Earlier last month, a South Carolina subsidiary of BlueCross BlueShield called PGBA LLC, won a $7.3 million contract with the federal Bureau of Prisons. The prisons contract outsources the processing of healthcare claims for federal inmates across America. This small measure of privatization is just one in a series of moves by the federal government to cut down on costs and improve quality in its facilities.
With a federal prison population now over 30,000, officials are also increasingly turning to fully private facilities to handle the inmate load. As Reason reports in its recent Annual Privatization Report 2008, tougher immigration laws have caused U.S. Immigration and Customs Enforcement (ICE) to turn to detention contracts to meet logistical and financial limits. According to Detention Watch Network, the ICE saves over an average of $31 per person, per day, through private firms compared to agency-run detention centers. These financial benefits are spurring ICE to contract out more of its facilities. Detention Watch also cites a report showing that, at the end of 2007, 38% of ICE detainees were held in private facilities or in prisons managed by a private firm.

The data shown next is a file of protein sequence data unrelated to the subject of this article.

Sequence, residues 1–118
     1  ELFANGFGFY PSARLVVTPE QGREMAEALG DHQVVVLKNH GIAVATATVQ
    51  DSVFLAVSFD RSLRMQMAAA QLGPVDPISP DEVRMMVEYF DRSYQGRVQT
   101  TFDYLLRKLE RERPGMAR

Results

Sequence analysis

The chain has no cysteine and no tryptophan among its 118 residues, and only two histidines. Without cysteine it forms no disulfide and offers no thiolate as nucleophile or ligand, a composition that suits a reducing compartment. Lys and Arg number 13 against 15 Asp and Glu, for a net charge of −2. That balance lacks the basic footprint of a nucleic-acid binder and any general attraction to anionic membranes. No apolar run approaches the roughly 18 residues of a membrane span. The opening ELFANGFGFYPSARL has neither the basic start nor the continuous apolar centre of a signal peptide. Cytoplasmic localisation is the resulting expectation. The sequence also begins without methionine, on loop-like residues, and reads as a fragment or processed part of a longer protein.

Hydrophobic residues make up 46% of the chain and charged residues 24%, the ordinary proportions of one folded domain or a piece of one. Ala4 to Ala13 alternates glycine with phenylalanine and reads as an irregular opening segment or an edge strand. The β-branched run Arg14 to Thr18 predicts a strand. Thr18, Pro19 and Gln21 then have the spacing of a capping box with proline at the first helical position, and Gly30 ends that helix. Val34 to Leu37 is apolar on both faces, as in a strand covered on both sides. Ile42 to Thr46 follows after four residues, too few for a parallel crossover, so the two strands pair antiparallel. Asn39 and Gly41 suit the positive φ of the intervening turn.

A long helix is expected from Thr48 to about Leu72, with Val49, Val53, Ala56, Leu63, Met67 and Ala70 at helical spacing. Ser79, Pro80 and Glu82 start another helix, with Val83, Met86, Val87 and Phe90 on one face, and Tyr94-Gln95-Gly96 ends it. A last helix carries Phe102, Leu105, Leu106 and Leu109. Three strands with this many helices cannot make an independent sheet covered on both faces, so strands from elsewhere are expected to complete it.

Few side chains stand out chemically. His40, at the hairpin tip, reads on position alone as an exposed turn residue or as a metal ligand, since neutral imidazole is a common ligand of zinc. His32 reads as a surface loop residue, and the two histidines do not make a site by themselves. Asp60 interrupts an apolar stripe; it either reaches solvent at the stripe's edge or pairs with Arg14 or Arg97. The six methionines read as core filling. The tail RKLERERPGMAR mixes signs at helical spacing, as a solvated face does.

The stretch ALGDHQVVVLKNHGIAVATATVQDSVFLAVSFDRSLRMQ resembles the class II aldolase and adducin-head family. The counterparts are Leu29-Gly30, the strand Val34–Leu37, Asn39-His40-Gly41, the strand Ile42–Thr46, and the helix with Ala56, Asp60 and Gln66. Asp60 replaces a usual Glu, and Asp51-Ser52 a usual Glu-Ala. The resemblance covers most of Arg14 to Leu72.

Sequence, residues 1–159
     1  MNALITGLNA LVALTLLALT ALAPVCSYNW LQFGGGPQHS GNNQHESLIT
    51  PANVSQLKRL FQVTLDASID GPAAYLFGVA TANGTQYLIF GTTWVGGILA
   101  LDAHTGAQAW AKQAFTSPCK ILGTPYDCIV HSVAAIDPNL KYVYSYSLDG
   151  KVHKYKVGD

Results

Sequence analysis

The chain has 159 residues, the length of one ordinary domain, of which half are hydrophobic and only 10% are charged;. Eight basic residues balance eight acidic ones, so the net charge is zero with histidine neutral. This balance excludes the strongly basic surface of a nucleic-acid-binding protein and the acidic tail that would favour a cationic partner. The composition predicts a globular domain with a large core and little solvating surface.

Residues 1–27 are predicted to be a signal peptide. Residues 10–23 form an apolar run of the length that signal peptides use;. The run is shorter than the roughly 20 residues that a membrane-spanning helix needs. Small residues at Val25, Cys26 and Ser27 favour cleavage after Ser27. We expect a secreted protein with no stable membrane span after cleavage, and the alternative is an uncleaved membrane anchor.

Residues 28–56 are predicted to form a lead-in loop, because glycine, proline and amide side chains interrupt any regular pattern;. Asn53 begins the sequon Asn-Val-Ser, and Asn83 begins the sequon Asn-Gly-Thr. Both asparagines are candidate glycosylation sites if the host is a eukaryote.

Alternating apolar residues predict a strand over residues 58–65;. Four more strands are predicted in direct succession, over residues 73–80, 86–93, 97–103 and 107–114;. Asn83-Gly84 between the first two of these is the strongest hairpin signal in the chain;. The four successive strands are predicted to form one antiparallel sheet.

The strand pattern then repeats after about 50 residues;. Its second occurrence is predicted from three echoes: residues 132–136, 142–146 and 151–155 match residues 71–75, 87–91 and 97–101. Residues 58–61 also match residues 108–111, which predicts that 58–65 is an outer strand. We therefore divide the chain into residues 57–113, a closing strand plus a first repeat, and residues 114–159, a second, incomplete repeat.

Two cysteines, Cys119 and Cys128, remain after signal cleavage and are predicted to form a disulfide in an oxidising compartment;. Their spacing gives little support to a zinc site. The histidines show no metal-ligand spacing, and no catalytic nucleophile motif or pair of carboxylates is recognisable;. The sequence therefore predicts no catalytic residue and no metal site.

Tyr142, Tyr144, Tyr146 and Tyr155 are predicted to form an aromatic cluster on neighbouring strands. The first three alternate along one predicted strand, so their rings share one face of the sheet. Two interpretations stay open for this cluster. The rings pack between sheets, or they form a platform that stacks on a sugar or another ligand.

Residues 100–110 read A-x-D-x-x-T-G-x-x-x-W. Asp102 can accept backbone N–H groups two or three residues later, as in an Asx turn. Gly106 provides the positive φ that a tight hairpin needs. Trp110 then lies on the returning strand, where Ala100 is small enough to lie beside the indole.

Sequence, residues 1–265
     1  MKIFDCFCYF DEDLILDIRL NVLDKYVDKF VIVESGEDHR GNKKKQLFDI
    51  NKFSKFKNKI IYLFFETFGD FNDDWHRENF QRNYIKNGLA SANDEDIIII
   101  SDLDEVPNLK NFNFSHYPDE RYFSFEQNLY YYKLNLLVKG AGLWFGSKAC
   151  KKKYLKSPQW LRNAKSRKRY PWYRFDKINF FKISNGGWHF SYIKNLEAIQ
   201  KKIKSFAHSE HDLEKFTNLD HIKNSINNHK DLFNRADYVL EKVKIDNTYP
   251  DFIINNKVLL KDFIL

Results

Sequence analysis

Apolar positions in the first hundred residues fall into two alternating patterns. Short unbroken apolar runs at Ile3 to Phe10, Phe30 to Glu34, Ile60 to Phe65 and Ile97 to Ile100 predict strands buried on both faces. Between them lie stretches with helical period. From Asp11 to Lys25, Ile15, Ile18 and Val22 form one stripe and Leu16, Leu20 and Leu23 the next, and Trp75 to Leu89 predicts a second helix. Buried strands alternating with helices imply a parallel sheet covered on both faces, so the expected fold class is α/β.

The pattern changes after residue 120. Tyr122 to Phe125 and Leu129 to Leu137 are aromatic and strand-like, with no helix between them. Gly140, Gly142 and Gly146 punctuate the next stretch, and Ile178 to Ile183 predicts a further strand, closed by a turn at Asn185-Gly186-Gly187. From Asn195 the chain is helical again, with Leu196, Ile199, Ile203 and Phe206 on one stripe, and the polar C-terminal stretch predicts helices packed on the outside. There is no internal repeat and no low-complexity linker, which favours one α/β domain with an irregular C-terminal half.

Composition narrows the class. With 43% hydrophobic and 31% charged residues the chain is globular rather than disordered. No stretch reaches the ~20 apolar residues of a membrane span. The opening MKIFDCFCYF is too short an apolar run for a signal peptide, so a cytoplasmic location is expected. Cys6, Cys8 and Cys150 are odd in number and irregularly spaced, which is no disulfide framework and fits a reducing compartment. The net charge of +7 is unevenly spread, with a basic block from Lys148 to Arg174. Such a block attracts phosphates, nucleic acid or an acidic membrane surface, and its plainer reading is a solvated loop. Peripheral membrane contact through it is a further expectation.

Not all is positive for federal officials though. Recently, ICE contractors have been accused of inmate misconduct. The ACLU sued U.S. Customs and the private firm Corrections Corporation of America (CCA) twice in 2007. Allegations range from poor medical care to overly cramped housing to unsanitary living conditions. The outcome of cases in these matters are pending before several courts, but the ICE has already acted to increase its oversight vigilance with a "detention-inspection task force" for responding to complaints by detainees.
Not to be slowed by the accusations, CCA recently announced a contract to build and operate a new federal prison in Pahrump, Nevada. The new facility will house over 1,000 inmates from the U.S. Marshals Service, Federal Bureau of Prisons and ICE. The prison will be CCA's 42nd company-owned facility nationwide.
In Congress, the Private Prison Information Act of 2007 was referred to committees in both the House and Senate. Two subcommittee hearings have been held on the matter, the most recent in June 2008. At that hearing, Reason's Director of Government Affairs Mike Flynn testified that the Act could allow the general population to obtain proprietary or confidential information from the private prison companies. The bill, sponsored by Sen. Joe Lieberman and Rep. Tim Holden among others, would put private prisons under the requirements of the Freedom of Information Act. FOIA currently only applies to public agencies, but PPIA would greatly expand information available about private companies to the general population.